As is customary, the theme for the next World Day of Social Communications is made known on today’s feast of the three archangels (September 29). With the mighty ministrations of heavenly messengers, the theme appears to have a celestial character while it focuses on a profound human need.
That theme – “’The truth will set you free’ (John 8:32): Fake News and Journalism for Peace” – confronts a growing concern in today’s world, namely “an often misleading distortion of facts” that has repercussions for persons and societies. The papal message, which will be published on January 24, 2018 (the memorial of St. Francis de Sales, patron of journalists), promises to offer “a reflection on the causes, the logic and the consequences of disinformation in the media.” For today’s consideration, we wonder how the archangels might play a role in promoting professional journalism?
MICHAEL is the warrior, known for his victory in the apocalyptic battle between good and evil. It may not be a sign of the end times, but disinformation has become a social-political weapon. These days it spreads globally with the ease of digital distribution. But falsehood is not “free speech.” It does not advance human freedom, but instead flows from and/or generates a precarious position-taking with no foundation. This, in turn, leads to a divisiveness that endangers society. St. Michael, we pray, will aid journalists to get the story straight – not as a matter of commercial force or public preference, but in terms of a right understanding of issues and the truth of things.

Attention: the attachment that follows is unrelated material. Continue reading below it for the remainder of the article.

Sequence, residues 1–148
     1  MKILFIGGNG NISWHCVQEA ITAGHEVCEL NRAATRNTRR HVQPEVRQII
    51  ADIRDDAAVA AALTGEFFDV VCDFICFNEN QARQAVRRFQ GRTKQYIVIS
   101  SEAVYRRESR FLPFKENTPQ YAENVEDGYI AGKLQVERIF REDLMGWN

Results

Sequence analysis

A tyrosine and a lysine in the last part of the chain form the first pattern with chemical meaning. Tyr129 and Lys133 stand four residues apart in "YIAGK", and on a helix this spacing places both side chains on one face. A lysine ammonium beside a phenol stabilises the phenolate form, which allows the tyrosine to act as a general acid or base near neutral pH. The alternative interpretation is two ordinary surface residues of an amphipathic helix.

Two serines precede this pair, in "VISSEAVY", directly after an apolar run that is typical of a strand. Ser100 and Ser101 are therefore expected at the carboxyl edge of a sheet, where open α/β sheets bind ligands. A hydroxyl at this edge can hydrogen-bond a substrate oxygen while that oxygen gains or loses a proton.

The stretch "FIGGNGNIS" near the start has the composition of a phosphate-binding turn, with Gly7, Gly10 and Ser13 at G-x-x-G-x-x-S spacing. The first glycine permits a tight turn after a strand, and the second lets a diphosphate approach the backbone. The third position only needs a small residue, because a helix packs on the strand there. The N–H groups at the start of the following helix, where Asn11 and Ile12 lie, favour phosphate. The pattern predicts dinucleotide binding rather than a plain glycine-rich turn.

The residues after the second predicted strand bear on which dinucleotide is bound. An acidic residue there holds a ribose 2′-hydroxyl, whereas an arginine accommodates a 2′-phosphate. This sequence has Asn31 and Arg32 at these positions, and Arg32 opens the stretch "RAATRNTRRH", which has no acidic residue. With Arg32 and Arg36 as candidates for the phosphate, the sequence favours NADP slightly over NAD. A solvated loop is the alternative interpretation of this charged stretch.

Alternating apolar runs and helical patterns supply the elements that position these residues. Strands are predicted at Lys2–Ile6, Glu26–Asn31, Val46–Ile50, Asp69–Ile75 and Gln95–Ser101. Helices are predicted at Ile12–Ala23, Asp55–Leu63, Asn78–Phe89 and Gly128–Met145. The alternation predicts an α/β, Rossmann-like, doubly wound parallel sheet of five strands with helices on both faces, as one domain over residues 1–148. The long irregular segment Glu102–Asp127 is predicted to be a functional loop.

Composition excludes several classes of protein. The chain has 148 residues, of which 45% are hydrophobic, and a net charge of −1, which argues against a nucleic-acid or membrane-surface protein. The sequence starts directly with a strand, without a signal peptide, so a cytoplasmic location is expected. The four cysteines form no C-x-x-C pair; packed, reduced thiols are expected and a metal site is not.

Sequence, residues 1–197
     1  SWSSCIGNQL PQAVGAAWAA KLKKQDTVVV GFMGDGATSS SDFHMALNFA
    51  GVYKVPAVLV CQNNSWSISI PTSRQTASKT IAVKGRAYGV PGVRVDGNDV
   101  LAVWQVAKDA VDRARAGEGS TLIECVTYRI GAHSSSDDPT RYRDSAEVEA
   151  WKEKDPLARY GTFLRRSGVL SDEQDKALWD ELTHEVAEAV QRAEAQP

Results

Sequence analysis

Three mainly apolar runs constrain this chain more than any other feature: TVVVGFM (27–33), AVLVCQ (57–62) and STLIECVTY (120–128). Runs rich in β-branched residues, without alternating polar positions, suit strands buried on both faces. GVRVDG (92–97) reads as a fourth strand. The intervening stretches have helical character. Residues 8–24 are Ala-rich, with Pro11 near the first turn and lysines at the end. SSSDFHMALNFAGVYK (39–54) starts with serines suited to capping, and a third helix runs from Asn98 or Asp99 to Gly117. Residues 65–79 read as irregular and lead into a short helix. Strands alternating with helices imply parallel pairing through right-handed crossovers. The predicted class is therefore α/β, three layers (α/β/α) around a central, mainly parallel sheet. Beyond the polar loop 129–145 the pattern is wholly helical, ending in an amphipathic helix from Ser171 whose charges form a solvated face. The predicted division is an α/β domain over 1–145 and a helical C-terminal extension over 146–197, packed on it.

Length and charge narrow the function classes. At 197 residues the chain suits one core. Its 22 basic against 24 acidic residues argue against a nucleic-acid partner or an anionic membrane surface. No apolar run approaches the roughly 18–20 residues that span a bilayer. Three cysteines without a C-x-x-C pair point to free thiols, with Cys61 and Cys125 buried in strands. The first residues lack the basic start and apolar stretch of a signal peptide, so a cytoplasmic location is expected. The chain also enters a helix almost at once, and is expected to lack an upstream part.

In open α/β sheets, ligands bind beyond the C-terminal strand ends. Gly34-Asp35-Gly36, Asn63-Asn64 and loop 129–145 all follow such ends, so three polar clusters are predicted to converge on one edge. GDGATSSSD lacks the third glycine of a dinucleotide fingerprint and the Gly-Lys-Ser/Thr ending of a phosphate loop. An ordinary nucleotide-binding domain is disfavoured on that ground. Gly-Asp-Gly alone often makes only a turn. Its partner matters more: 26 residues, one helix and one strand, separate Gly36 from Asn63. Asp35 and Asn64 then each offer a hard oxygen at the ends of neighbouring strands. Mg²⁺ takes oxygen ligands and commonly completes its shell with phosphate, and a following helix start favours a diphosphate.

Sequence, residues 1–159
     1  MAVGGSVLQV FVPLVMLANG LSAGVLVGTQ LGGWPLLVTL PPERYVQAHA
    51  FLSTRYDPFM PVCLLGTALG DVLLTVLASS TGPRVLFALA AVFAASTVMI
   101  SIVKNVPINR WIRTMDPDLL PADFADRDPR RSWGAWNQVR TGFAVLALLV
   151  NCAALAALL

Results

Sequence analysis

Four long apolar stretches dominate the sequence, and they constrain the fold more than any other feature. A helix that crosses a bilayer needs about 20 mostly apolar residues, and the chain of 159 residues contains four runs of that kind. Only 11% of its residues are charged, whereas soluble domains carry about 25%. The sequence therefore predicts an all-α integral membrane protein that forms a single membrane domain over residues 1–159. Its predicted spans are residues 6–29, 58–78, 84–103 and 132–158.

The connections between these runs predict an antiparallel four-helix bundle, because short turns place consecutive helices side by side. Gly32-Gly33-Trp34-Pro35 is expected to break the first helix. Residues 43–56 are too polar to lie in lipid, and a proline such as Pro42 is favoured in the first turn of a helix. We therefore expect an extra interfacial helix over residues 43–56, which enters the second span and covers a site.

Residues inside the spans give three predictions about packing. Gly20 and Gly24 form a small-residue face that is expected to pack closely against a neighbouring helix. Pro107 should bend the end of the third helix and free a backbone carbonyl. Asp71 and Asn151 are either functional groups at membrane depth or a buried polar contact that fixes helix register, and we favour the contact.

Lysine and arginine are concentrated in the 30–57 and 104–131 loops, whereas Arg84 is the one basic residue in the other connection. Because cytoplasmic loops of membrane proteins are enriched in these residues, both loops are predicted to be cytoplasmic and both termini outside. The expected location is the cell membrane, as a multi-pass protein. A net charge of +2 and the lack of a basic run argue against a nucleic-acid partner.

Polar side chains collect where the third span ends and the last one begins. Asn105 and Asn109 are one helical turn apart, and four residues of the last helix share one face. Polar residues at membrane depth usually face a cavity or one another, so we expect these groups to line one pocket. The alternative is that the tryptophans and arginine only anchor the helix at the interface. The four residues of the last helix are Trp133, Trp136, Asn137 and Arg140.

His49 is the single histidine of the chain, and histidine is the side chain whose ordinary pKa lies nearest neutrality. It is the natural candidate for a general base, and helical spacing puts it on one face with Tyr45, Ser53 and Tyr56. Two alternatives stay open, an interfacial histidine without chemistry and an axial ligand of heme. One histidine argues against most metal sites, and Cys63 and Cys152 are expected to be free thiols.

GABRIEL is the bearer of Good News, known especially for the Annunciation to Mary about the conception and birth of Jesus. With “news” today often supplanted by opinion and commentary, the need for truth has never been greater. Only real truth, found ultimately in the One who is “the way, the truth, and the life,” will set us free. That biblical notion grounds the world day’s theme. According to Pope St. John Paul II, it contains “both a fundamental requirement and a warning: the requirement of an honest relationship with regard to truth as a condition for authentic freedom, and the warning to avoid every kind of illusory freedom, every superficial unilateral freedom, every freedom that fails to enter into the whole truth about man and the world” (Redemptor Hominis, n. 12). St. Gabriel, we pray, will help journalists keep this twofold perspective in all that they communicate.
RAPHAEL is the guide, known for aiding and accompanying Tobit. On the journey that is our constant search for peace, great challenges remain. Along the way, the media play a critical role, as the conduit for our awareness of what is going on around us. The words we read and the images we see can have a profound effect, particular in reports about painful realities of human existence and interaction. New media, in particularly powerful ways, facilitate our perception of the world and factor into our self-understanding and our social relations. St. Raphael, we pray, will remind journalists that they are our companions along the way, and that together we are all responsible for forming a peaceful society.
featured image of “The Three Archangels” by Master of Pratovecchio